business reply mail      freepost
(no stamp needed)

busy (as in telephone)   engaged

by trade (as in "a       to trade
carpenter by trade")

bus                      coach

car (railroad)           coach (railway)

cart (noun as in a       trolley
shopping cart)

cell (phone)             mobile (phone)

cheap                    shoddy

check (in a restaurant)  bill  See Notes

clippings (as in news    cuttings 

"clued in"               "clued up"

collect call             reverse charge call

counterclockwise         anticlockwise

crib (for a baby)        cot

curse word               swear word

diapers                  nappies

dish cloth, dish towel   tea towel  See Notes

doing the dishes         washing up

downscale                downmarket

dress (noun)             frock

drug  store              chemists

elevator                 lift

equip, fit out (verb)    fit

eraser                   rubber

"excuse me"              "sorry"

fall                     autumn

faucet                   tap

field (for playing       pitch

fire                     sack
(verb - from employment)

fixtures                 fittings
(as in plumbing)

flashlight               torch

for rent                 to let

"for that matter"        "come to that"

"from now on"            "in future"
                         See Diggins' Notes

garter                   suspenders

"get on the train"       "join the train"

homey (pleasant)         homely
(In the U.S., "homely"
describes a person as
plain or unattractive)

in the hospital          in hospital  See Notes

inexpensive              cheap
(not necessarily
in a negative light)

layoff                   redundancy (verb - "to
(verb - "to lay off")    make redundant")

laundromat               laundrette

lawyer                   solicitor  See Notes
                         See Additional Notes
                         See A Canadian Perspective
                         See Diggins' Notes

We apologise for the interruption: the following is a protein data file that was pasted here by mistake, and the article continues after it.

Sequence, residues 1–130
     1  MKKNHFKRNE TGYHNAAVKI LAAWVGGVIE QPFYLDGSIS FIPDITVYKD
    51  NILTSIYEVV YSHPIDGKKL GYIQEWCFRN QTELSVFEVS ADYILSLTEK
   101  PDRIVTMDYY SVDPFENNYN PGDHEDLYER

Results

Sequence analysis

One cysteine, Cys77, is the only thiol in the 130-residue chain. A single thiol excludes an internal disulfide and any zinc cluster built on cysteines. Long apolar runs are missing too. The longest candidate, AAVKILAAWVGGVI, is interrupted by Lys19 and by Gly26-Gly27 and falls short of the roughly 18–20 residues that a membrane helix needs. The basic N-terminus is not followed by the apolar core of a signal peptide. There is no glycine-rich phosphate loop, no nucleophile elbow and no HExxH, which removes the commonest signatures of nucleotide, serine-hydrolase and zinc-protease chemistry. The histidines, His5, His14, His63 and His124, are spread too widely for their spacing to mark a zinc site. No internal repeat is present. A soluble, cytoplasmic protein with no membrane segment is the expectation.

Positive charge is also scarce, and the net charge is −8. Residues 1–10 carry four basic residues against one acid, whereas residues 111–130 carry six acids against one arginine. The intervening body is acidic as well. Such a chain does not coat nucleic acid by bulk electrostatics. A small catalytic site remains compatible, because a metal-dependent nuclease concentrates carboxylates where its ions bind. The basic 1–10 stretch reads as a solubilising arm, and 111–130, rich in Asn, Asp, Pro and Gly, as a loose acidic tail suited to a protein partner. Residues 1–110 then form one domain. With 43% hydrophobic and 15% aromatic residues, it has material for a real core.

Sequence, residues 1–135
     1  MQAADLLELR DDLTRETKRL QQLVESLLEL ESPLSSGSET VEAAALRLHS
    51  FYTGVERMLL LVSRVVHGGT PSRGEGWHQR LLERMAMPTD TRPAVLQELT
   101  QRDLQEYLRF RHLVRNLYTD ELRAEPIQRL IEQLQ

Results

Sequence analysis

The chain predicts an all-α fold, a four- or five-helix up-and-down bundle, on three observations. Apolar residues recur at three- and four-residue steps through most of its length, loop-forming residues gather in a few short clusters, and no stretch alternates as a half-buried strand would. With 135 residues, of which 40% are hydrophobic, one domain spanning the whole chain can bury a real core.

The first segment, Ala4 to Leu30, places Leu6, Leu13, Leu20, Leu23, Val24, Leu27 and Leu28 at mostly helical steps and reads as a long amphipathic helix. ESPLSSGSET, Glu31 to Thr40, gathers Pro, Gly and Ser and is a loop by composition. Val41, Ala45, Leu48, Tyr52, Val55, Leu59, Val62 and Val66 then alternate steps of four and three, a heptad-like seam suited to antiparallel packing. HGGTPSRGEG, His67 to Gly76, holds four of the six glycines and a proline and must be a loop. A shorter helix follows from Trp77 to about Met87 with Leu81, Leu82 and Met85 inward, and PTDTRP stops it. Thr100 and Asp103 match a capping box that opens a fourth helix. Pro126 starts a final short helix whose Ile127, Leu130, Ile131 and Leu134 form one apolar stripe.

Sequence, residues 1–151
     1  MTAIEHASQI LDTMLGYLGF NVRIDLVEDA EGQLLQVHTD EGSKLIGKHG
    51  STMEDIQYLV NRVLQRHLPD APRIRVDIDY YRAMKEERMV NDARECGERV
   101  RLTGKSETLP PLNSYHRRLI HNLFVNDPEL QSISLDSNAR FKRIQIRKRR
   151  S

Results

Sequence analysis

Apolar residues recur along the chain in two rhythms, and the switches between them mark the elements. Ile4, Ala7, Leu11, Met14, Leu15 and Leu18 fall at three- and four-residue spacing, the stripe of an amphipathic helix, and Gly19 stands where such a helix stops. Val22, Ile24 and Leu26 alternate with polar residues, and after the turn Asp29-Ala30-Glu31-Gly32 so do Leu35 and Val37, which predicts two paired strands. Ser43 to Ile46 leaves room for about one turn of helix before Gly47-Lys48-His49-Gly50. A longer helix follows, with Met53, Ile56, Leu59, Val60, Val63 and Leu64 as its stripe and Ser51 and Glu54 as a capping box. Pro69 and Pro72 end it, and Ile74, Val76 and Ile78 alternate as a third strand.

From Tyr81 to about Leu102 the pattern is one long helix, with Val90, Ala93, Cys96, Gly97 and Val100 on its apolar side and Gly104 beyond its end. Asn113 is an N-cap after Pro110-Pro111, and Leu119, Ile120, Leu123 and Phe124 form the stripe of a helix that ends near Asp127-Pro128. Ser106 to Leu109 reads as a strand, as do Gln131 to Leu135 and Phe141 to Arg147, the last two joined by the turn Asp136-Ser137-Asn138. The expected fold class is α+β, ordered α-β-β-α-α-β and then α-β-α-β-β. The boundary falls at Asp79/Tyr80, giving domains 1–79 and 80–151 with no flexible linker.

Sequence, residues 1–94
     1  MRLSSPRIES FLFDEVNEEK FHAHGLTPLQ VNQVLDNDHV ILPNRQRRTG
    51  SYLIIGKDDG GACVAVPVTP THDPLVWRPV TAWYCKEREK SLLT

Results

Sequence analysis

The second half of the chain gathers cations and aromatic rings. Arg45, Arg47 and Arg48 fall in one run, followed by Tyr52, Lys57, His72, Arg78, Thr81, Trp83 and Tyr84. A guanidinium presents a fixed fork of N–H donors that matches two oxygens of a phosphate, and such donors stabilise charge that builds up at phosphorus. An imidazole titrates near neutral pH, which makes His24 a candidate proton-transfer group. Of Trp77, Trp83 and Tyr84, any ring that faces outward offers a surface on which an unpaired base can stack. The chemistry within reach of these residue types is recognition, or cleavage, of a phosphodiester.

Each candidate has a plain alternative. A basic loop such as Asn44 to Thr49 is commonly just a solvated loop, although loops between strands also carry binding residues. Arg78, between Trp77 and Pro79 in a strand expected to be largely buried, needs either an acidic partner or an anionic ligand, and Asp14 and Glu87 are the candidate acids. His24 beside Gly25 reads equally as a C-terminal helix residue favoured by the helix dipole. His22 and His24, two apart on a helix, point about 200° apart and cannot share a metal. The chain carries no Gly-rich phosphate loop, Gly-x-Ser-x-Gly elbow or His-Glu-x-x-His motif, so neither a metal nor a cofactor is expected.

license (noun and verb)  licence (noun)
                         license (verb)

line                     queue
(noun as in "bus line"
 and verb as in 
 "line up")

mail                     post

math                     maths

men's room               gents

mom                      mum

movie theater            cinema

moving                   removal
(as in moving van)

nothing                  nil

non-profit organization  charity

on line                  on stream
(as in "forthcoming")

open house               open day

pacifier                 dummy

pants                    trousers

"pardon me"              "sorry"

period (punctuation)     full stop

pharmacy                 chemists

prenatal                 antenatal

principal                headmaster

pruners                  secateurs
(or clippers)

railroad                 railway

raise (in salary)        rise

range (see "Stove")

rates, prices            tariffs

rebate (noun)            cashback

rent (rent a car)        hire (hire a car)

reservations             bookings
(verb - to reserve       (verb - to book)
 as in restaurant,

reserved for             reserved to (as used in
                         Diggins' Note)

restroom                 toilet

right away               straight away
(meaning immediately)
round trip               return (return ticket) 
(as in round
 trip ticket)

run (for election)       stand (for election)

set (verb - as in        fix
    "set a date")

shipping (as in          despatch
shipping department)

shopping cart            shopping trolley

sick                     ill

silverware               cutlery See Note

sleep in                 lie in

sneakers                 trainers

soccer                   football

sports                   sport

stove, stovetop          hob

stroller (baby)          push chair

study                    read
(verb - as in
 "study a subject
 in college")
                         See Diggins' Notes

study of                 tuition for
(noun as in "study
of the flute")

subway                   tube

suspenders               braces

sweater                  jumper

telephone booth          telephone box

tent                     marquee  See Notes

toll-free                freephone

transportation           transport (noun)

trash bag                bin liner

trash can                dustbin (see Australian Variants)

tricky (chancy)          dodgy

triple                   treble

trash can                rubbish bin

truck                    lorry

tucked in (as in "The    tucked up
baby was tucked in
for the night.")

tuition                  fee

turtle neck              polo neck, roll neck

underpass                subway

undershirt               vest

upscale                  upmarket

vacation                 holiday

vacuum (noun and verb)   hoover
vacuum cleaner(noun)

vacuum tube              valve

vest                     waistcoat